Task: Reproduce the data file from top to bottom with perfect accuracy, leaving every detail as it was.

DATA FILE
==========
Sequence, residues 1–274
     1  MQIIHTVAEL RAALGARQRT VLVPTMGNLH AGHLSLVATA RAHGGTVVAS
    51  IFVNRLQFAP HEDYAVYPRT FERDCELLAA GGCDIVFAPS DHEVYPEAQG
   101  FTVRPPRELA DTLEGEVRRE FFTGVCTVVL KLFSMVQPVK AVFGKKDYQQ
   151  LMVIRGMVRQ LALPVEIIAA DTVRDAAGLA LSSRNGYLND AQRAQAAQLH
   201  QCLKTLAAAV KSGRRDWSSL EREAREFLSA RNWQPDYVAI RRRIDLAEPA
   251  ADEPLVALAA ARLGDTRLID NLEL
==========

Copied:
Sequence, residues 1–274
     1  MQIIHTVAEL RAALGARQRT VLVPTMGNLH AGHLSLVATA RAHGGTVVAS
    51  IFVNRLQFAP HEDYAVYPRT FERDCELLAA GGCDIVFAPS DHEVYPEAQG
   101  FTVRPPRELA DTLEGEVRRE FFTGVCTVVL KLFSMVQPVK AVFGKKDYQQ
   151  LMVIRGMVRQ LALPVEIIAA DTVRDAAGLA LSSRNGYLND AQRAQAAQLH
   201  QCLKTLAAAV KSGRRDWSSL EREAREFLSA RNWQPDYVAI RRRIDLAEPA
   251  ADEPLVALAA ARLGDTRLID NLEL